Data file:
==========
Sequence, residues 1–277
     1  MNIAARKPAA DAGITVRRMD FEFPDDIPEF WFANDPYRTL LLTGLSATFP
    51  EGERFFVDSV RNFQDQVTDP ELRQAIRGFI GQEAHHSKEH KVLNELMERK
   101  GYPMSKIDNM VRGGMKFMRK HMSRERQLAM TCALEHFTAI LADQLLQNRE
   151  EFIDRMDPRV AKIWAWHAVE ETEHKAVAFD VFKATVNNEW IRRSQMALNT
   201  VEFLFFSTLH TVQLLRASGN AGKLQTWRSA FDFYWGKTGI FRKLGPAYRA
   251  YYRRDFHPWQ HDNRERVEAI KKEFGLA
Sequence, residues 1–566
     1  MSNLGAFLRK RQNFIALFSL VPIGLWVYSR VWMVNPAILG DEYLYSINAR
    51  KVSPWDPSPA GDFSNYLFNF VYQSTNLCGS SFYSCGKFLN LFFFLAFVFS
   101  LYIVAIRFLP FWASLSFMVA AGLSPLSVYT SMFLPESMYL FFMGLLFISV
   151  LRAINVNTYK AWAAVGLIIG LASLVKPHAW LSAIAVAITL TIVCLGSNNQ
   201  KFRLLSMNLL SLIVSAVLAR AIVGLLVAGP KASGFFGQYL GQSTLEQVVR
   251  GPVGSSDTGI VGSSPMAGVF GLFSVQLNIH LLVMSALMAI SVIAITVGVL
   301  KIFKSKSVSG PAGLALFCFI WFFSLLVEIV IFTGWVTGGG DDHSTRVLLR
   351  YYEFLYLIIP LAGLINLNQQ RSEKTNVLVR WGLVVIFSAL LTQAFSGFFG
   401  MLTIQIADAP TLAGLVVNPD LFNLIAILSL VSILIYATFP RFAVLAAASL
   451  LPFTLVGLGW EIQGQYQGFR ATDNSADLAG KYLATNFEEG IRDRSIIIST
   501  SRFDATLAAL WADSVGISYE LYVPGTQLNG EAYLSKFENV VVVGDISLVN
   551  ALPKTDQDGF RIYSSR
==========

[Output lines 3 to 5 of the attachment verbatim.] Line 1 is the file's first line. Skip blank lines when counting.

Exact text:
    51  EGERFFVDSV RNFQDQVTDP ELRQAIRGFI GQEAHHSKEH KVLNELMERK
   101  GYPMSKIDNM VRGGMKFMRK HMSRERQLAM TCALEHFTAI LADQLLQNRE
   151  EFIDRMDPRV AKIWAWHAVE ETEHKAVAFD VFKATVNNEW IRRSQMALNT